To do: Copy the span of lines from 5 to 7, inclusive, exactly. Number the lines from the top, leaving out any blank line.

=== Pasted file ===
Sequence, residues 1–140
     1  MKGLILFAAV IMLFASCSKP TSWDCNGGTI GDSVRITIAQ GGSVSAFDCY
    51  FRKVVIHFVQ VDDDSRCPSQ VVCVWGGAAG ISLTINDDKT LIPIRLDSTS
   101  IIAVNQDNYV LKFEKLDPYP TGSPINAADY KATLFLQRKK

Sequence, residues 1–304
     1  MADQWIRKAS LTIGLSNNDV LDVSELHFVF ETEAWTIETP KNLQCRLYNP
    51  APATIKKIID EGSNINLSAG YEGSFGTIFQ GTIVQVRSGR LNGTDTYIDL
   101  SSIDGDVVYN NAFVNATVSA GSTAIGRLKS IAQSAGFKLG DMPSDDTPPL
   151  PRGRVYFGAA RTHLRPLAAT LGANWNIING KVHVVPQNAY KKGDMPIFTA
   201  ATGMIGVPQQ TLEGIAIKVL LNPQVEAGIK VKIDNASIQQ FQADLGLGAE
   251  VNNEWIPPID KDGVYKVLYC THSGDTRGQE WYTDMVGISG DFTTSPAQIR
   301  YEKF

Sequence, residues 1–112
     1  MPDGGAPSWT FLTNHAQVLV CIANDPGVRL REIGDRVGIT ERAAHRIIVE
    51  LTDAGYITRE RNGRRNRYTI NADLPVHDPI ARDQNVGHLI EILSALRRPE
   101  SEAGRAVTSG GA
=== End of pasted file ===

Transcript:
Sequence, residues 1–304
     1  MADQWIRKAS LTIGLSNNDV LDVSELHFVF ETEAWTIETP KNLQCRLYNP
    51  APATIKKIID EGSNINLSAG YEGSFGTIFQ GTIVQVRSGR LNGTDTYIDL